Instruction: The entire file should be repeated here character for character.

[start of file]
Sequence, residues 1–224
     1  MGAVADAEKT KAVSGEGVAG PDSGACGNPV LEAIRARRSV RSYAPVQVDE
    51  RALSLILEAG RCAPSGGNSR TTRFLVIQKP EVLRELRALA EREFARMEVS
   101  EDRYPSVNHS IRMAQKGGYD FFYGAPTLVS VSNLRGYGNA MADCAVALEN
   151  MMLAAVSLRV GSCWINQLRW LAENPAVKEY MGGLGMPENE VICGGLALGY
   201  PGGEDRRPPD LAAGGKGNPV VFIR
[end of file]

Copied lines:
Sequence, residues 1–224
     1  MGAVADAEKT KAVSGEGVAG PDSGACGNPV LEAIRARRSV RSYAPVQVDE
    51  RALSLILEAG RCAPSGGNSR TTRFLVIQKP EVLRELRALA EREFARMEVS
   101  EDRYPSVNHS IRMAQKGGYD FFYGAPTLVS VSNLRGYGNA MADCAVALEN
   151  MMLAAVSLRV GSCWINQLRW LAENPAVKEY MGGLGMPENE VICGGLALGY
   201  PGGEDRRPPD LAAGGKGNPV VFIR